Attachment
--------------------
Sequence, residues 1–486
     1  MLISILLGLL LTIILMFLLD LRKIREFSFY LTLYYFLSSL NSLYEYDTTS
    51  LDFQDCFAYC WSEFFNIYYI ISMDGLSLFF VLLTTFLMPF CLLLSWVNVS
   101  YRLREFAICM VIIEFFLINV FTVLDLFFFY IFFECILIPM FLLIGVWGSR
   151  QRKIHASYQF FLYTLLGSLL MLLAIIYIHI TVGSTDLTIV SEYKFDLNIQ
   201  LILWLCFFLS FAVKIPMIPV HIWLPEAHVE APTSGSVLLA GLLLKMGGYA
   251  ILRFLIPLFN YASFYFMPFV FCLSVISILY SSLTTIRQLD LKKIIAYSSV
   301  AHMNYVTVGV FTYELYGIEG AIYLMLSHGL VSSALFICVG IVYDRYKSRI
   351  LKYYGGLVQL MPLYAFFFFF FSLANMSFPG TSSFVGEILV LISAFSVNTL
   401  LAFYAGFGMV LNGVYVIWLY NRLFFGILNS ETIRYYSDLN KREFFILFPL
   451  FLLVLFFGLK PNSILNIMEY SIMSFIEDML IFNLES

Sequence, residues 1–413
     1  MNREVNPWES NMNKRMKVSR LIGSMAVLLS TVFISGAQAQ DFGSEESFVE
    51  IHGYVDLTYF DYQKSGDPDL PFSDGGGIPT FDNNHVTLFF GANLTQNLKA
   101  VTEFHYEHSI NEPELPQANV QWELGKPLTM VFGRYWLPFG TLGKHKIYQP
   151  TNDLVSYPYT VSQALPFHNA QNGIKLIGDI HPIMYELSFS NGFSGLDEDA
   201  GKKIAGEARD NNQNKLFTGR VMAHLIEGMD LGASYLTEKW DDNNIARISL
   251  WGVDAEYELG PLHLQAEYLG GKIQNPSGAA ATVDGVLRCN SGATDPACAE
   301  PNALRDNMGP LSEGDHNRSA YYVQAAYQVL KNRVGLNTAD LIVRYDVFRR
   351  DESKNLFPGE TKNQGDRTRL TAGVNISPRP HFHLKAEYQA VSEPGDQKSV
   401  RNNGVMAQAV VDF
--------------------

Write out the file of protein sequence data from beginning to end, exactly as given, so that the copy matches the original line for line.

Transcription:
Sequence, residues 1–486
     1  MLISILLGLL LTIILMFLLD LRKIREFSFY LTLYYFLSSL NSLYEYDTTS
    51  LDFQDCFAYC WSEFFNIYYI ISMDGLSLFF VLLTTFLMPF CLLLSWVNVS
   101  YRLREFAICM VIIEFFLINV FTVLDLFFFY IFFECILIPM FLLIGVWGSR
   151  QRKIHASYQF FLYTLLGSLL MLLAIIYIHI TVGSTDLTIV SEYKFDLNIQ
   201  LILWLCFFLS FAVKIPMIPV HIWLPEAHVE APTSGSVLLA GLLLKMGGYA
   251  ILRFLIPLFN YASFYFMPFV FCLSVISILY SSLTTIRQLD LKKIIAYSSV
   301  AHMNYVTVGV FTYELYGIEG AIYLMLSHGL VSSALFICVG IVYDRYKSRI
   351  LKYYGGLVQL MPLYAFFFFF FSLANMSFPG TSSFVGEILV LISAFSVNTL
   401  LAFYAGFGMV LNGVYVIWLY NRLFFGILNS ETIRYYSDLN KREFFILFPL
   451  FLLVLFFGLK PNSILNIMEY SIMSFIEDML IFNLES

Sequence, residues 1–413
     1  MNREVNPWES NMNKRMKVSR LIGSMAVLLS TVFISGAQAQ DFGSEESFVE
    51  IHGYVDLTYF DYQKSGDPDL PFSDGGGIPT FDNNHVTLFF GANLTQNLKA
   101  VTEFHYEHSI NEPELPQANV QWELGKPLTM VFGRYWLPFG TLGKHKIYQP
   151  TNDLVSYPYT VSQALPFHNA QNGIKLIGDI HPIMYELSFS NGFSGLDEDA
   201  GKKIAGEARD NNQNKLFTGR VMAHLIEGMD LGASYLTEKW DDNNIARISL
   251  WGVDAEYELG PLHLQAEYLG GKIQNPSGAA ATVDGVLRCN SGATDPACAE
   301  PNALRDNMGP LSEGDHNRSA YYVQAAYQVL KNRVGLNTAD LIVRYDVFRR
   351  DESKNLFPGE TKNQGDRTRL TAGVNISPRP HFHLKAEYQA VSEPGDQKSV
   401  RNNGVMAQAV VDF